(2012) #45 review: The Taming of The Shrew

The Taming Of The Shrew



108 pages

Published in 1590

Great edition!
ISBN: 0521221951, Cambridge University Press 1984, edited by Ann Thompson

This book counts for the following Reading Challenges:



I finally had some fun with this comedy, The Taming of The Shrew!

I especially liked Katherine, and her witty remarks. I know this play is controversial, because it can be understood as very anti-feminist, but I actually think it shows a very smart and strong woman, much more interesting than the “ideal” Bianca!

I would like to highlight this special edition I read it in: great introduction, good footnotes with vocabulary and sources, textual analysis, and informative appendix on:

– The Taming of A Shrew

– The staging of Induction 2

– The music in the play

I highly recommend this edition.


Renowned as Shakespeare’s most boisterous comedy, The Taming of the Shrew is the tale of two young men, the hopeful Lucentio and the worldly Petruchio, and the two sisters they meet in Padua.
Lucentio falls in love with Bianca, the apparently ideal younger daughter of the wealthy Baptista Minola. But before they can marry, Bianca’s formidable elder sister, Katherine, must be wed. Petruchio, interested only in the huge dowry, arranges to marry Katherine -against her will- and enters into a battle of the sexes that has endured as one of Shakespeare’s most enjoyable works. [Goodreads]


William Shakespeare (baptised 26 April 1564) was an English poet and playwright, widely regarded as the greatest writer in the English language and the world’s pre-eminent dramatist. He is often called England’s national poet and the “Bard of Avon” (or simply “The Bard”). His surviving works consist of 38 plays, 154 sonnets, two long narrative poems, and several other poems. His plays have been translated into every major living language, and are performed more often than those of any other playwright.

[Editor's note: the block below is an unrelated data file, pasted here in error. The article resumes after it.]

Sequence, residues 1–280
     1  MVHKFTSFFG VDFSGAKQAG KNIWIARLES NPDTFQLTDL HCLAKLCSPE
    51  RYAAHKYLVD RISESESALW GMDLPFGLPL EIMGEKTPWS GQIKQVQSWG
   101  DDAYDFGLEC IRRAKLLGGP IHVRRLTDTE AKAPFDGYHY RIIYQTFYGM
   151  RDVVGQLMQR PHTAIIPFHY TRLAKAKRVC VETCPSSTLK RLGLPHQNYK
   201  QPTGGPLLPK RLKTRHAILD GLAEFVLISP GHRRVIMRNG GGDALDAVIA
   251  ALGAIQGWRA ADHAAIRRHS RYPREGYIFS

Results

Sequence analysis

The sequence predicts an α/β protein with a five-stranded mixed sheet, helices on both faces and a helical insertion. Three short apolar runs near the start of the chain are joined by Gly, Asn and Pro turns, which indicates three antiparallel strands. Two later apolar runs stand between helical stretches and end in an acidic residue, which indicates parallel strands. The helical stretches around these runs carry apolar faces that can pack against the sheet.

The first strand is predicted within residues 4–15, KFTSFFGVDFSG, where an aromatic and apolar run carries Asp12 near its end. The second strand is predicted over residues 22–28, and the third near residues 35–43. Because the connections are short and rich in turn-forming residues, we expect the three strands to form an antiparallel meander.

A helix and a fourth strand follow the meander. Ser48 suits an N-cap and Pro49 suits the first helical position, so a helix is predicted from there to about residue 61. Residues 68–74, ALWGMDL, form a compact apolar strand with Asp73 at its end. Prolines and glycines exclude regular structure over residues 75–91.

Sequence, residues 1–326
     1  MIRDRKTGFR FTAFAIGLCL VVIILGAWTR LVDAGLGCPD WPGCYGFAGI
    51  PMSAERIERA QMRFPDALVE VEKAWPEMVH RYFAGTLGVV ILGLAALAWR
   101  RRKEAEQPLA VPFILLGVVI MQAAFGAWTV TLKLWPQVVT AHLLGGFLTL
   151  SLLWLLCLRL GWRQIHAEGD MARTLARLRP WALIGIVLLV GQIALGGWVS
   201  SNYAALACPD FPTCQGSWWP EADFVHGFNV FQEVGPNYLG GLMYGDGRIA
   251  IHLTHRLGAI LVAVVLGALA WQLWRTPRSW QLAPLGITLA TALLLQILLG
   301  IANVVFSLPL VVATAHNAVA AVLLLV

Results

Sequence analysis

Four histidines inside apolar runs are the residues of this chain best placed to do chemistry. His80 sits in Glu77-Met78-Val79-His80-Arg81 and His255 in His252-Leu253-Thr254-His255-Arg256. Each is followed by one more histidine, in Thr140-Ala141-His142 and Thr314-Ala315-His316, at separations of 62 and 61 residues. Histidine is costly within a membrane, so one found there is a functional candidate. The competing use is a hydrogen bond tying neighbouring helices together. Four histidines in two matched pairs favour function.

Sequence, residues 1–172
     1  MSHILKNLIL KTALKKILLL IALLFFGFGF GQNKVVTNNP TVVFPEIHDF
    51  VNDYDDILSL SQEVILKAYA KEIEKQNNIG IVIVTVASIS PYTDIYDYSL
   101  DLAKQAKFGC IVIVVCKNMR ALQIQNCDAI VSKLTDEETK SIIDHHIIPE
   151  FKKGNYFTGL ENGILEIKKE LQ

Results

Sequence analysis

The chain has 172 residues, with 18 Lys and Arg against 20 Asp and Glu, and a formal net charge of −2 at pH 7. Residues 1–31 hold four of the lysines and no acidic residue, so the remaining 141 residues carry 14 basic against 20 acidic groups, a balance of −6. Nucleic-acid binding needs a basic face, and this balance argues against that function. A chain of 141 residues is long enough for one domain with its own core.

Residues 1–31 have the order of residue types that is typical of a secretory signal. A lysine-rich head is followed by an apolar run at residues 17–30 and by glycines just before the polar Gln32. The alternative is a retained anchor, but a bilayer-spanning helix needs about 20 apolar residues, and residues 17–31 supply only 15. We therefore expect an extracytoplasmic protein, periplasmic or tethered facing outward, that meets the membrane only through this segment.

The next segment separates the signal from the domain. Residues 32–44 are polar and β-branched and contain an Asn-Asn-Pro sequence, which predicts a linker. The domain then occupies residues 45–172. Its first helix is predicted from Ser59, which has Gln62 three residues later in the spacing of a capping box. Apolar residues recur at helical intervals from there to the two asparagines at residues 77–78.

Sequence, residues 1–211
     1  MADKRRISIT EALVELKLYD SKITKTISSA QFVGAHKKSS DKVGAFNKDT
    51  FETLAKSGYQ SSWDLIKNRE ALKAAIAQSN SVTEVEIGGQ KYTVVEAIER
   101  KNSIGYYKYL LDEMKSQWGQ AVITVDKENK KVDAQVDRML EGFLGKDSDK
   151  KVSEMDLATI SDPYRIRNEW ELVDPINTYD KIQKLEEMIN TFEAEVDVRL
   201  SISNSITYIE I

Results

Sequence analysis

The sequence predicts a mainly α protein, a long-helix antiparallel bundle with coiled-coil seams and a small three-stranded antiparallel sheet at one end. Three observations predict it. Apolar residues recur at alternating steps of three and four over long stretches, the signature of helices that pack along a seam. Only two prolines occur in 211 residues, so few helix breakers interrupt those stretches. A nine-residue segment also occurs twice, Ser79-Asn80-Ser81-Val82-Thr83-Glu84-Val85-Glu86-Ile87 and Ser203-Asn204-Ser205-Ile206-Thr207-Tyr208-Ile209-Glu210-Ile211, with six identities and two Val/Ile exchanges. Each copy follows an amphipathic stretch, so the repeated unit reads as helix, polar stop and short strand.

Shakespeare was born and raised in Stratford-upon-Avon. At the age of 18 he married Anne Hathaway, who bore him three children: Susanna, and twins Hamnet and Judith. Between 1585 and 1592 he began a successful career in London as an actor, writer, and part owner of the playing company the Lord Chamberlain’s Men, later known as the King’s Men. He appears to have retired to Stratford around 1613, where he died three years later. Few records of Shakespeare’s private life survive, and there has been considerable speculation about such matters as his sexuality, religious beliefs, and whether the works attributed to him were written by others.

Shakespeare produced most of his known work between 1590 and 1613. His early plays were mainly comedies and histories, genres he raised to the peak of sophistication and artistry by the end of the sixteenth century. Next he wrote mainly tragedies until about 1608, including Hamlet, King Lear, and Macbeth, considered some of the finest examples in the English language. In his last phase, he wrote tragicomedies, also known as romances, and collaborated with other playwrights. Many of his plays were published in editions of varying quality and accuracy during his lifetime, and in 1623, two of his former theatrical colleagues published the First Folio, a collected edition of his dramatic works that included all but two of the plays now recognised as Shakespeare’s.

Shakespeare was a respected poet and playwright in his own day, but his reputation did not rise to its present heights until the nineteenth century. The Romantics, in particular, acclaimed Shakespeare’s genius, and the Victorians hero-worshipped Shakespeare with a reverence that George Bernard Shaw called “bardolatry”. In the twentieth century, his work was repeatedly adopted and rediscovered by new movements in scholarship and performance. His plays remain highly popular today and are consistently performed and reinterpreted in diverse cultural and political contexts throughout the world.



8 thoughts on “(2012) #45 review: The Taming of The Shrew

  1. The most intriguing thing about Shakespeare is that we know so little about him. Most of what we read is conjecture. Including of course the biggest question of all – did he really write these plays? For me, that’s almost irrelevant – I enjoy them for what they are whoever wrote them


  2. I only know this play by title, but it does seem like a good read indeed. This particular edition sounds like the (only) one to get! I see you’re still going strong with your Shakespeare challenge 🙂


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